• Tunisian assembly passes new PPP legislation
  • New law aims to help finance new infrastructure
  • PPP is increasingly being turned to by regional governments to fund projects

Tunisia’s Assembly of People’s Representatives (ARP) has passed a new public private partnership law.

After debating the law regulating partnership relations, deputies added amendments safeguarding sovereign rights, according to local agency Tunis Afrique Presse.

Tunisia hopes the new law will help finance large infrastructure projects.

A general partnership committee will be established to tender PPP projects, using a similar model to Egypt’s PPP Central Unit.

The new framework was prepared with the support of international financial institutions such as the World Bank and the African Development Bank.

The General Union of Tunisian Workers (UGTT) was opposed to the move.

PPP projects under an earlier law include the $500m Enfidha airport near Sousse and the $260m Rades II independent power project (IPP). However, other IPPs and PPP projects faltered, such as a deepwater port at Enfidha.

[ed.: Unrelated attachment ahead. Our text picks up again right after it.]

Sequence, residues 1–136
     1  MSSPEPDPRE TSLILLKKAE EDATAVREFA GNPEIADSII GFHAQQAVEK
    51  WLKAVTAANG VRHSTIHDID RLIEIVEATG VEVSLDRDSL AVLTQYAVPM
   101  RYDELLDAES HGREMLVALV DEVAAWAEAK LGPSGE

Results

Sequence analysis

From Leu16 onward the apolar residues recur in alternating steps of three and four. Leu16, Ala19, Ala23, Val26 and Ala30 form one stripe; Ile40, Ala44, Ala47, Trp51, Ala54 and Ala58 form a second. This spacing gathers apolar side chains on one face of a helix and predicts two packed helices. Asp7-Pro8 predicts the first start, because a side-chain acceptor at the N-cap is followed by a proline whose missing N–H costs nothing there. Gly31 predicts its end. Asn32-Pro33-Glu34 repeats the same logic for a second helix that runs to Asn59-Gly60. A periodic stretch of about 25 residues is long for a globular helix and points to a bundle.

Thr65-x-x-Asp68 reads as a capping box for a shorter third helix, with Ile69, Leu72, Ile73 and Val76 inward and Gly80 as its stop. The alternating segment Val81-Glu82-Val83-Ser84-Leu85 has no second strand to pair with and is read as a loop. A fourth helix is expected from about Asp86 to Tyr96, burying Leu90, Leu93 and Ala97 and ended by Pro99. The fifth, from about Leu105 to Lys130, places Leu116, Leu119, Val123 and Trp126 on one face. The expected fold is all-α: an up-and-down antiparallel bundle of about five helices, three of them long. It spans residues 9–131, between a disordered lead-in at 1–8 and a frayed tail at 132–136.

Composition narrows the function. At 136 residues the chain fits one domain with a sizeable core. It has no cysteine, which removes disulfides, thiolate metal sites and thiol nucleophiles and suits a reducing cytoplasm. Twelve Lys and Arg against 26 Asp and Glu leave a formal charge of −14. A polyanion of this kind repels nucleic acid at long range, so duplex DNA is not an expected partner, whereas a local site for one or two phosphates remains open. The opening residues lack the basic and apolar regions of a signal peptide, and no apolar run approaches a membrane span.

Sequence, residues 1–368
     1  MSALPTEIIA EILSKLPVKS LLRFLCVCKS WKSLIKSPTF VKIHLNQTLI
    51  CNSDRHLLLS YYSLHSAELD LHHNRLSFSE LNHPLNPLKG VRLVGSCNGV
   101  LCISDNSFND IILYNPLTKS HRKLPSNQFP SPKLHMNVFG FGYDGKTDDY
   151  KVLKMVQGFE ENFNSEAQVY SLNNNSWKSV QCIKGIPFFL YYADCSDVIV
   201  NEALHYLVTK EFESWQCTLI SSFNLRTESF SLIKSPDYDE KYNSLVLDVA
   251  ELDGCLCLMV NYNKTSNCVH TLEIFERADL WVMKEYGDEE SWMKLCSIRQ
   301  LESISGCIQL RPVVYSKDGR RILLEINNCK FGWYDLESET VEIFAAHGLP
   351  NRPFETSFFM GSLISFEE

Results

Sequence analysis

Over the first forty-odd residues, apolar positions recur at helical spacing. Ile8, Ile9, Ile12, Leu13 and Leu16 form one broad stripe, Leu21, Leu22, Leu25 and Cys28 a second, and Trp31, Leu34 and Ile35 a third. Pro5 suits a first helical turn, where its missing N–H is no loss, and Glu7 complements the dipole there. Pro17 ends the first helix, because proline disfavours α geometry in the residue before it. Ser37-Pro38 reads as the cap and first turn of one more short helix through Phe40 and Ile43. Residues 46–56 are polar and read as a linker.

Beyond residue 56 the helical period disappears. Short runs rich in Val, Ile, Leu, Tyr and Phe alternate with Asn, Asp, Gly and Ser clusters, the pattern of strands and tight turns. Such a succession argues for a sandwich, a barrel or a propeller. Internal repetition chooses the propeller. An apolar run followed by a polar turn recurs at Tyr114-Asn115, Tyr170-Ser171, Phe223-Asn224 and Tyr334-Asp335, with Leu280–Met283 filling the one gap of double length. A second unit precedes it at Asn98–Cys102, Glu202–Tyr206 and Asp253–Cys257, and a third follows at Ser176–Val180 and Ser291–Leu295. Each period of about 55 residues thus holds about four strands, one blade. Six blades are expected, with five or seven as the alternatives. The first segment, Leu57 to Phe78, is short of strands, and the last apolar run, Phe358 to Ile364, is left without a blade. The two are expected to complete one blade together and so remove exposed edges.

Reforms in 2008 did not lead to any successful PPP projects.

“The risk allocation has changed,” a senior civil servant at the Ministry of Development and International Cooperation told MEED. “Under the 2008 law all the risk was on the private sector. Now it is fairly distributed between the state and the developer.”

Tunisia will publish a pipeline of PPP projects in January 2016, once the new five year plan has been finalised. It will focus on energy, renewable energy, water desalination and transport.

Some earlier projects have already been revived, such as a logistics area, the expansion of Rades Port, and Enfidha deepwater port.

“Companies can also propose projects, whereas they couldn’t before,” says the civil servant. “There is a tender but the proposing company gets an advantage.”